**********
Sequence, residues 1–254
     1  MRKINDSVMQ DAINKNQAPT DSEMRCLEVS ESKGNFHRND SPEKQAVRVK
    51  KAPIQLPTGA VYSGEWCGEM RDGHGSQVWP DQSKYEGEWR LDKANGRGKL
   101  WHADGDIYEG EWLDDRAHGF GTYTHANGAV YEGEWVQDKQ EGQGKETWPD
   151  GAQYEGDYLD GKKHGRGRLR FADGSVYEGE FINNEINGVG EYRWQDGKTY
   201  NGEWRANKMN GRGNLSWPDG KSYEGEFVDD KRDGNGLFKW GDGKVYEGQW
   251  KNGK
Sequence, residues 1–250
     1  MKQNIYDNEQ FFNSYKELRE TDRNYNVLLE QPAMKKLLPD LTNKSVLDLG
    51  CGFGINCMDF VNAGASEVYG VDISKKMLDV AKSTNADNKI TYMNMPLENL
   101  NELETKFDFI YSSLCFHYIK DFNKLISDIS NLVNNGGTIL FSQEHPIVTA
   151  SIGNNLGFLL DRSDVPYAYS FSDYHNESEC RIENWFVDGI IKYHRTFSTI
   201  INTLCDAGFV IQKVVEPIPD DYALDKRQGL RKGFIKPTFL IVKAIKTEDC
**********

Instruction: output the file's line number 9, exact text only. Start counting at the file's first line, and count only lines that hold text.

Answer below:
     1  MKQNIYDNEQ FFNSYKELRE TDRNYNVLLE QPAMKKLLPD LTNKSVLDLG